Former teacher who won $300K in lawsuit against DCPS is fighting for a chance to resume teaching in Florida

A former Duval County teacher who is banned from working for the district will fight for the chance to continue teaching in Florida.

Education Commissioner Manny Diaz filed a complaint against Amy Donofrio in 2022, a year after Duval County Public Schools settled a civil rights case with the English teacher.

If a judge rules against her, Donofrio could be blocked from teaching in the state ever again.

A rally is scheduled to take place at 8 a.m. Wednesday ahead of the 9 a.m. court hearing, where Donofrio’s attorneys are expected to argue that she should be back in the classroom.

RELATED: Teacher who hung BLM flag outside class offered extra credit for activism, DCPS investigation finds

Here’s the timeline of how we got to this point:

Donofrio, who co-founded the nationally recognized EVAC Movement in 2016, was reassigned to non-teaching duties in 2021 one day after Lee High School administrators removed a Black Lives Matter flag from her classroom doorway when she refused to remove it on their instructions. According to DCPS, the flag was a breach of district policy, which bans teachers from advocating for social causes.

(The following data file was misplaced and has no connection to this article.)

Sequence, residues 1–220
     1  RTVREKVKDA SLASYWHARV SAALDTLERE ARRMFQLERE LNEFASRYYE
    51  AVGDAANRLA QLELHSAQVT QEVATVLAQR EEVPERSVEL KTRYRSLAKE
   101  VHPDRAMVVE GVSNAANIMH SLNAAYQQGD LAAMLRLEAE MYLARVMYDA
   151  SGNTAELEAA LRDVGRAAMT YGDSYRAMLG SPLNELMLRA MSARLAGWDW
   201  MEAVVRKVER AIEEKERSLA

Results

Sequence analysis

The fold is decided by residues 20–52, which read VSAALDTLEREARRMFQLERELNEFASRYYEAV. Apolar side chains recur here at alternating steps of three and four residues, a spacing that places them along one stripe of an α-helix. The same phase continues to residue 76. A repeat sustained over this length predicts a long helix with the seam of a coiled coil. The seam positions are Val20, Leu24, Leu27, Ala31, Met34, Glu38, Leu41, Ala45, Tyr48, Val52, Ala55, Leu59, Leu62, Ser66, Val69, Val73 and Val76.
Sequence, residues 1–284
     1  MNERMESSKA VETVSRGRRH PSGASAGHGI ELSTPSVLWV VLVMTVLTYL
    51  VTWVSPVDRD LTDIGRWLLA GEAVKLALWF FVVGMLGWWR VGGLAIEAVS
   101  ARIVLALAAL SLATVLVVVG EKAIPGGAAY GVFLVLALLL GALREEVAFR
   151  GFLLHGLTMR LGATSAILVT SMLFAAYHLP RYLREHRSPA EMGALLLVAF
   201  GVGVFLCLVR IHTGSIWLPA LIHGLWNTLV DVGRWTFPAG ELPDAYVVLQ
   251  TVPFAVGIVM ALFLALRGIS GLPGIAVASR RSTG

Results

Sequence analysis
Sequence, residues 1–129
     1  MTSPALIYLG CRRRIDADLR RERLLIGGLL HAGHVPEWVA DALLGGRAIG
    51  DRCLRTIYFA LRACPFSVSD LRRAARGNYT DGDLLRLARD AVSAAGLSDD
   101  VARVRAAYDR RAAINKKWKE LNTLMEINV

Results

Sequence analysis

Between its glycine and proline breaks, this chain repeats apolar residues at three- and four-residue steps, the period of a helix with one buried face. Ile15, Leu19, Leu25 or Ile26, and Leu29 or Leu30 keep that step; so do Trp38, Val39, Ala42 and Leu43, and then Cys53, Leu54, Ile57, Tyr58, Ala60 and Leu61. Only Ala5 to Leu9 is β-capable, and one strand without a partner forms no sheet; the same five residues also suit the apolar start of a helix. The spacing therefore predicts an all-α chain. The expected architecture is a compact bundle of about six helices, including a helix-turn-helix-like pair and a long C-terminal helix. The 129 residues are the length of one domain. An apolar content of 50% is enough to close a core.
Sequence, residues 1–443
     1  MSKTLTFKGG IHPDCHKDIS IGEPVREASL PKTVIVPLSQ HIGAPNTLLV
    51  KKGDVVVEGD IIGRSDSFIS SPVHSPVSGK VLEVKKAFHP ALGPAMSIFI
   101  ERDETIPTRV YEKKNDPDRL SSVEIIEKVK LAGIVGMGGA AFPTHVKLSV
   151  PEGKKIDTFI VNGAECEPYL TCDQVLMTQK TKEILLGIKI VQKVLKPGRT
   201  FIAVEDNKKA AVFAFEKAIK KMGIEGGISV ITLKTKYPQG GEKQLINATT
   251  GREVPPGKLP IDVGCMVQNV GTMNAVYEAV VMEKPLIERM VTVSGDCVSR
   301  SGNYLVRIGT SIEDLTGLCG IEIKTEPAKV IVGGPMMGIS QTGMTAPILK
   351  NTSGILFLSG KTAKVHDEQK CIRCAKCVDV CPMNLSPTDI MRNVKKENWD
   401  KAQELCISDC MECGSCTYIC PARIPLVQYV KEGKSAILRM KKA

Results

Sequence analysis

Donofrio did not receive a re-appointment to her previously assigned school, now named Riverside High School.

RELATED: Education commissioner says a Duval teacher who hung BLM flag was fired. She wasn’t.

Donofrio filed a lawsuit saying the district retaliated against her and violated her free speech, and the Duval County School Board paid $300,000 to settle the lawsuit

Details of the settlement obtained by News4JAX showed Donofrio would receive a $240,000 settlement payment and $60,000 to cover attorney fees.

In a press release sent out ahead of the court hearing, Donofrio’s supporters mentioned how Florida’s former Education Commissioner, Richard Corcoran, gave a speech at Hillsdale College saying he “made sure” Donofrio was fired. That wasn’t true at the time he made that comment. She was still employed by the district, but not working in a classroom.

The release says after she settled with the district, an investigation into her licensure started.

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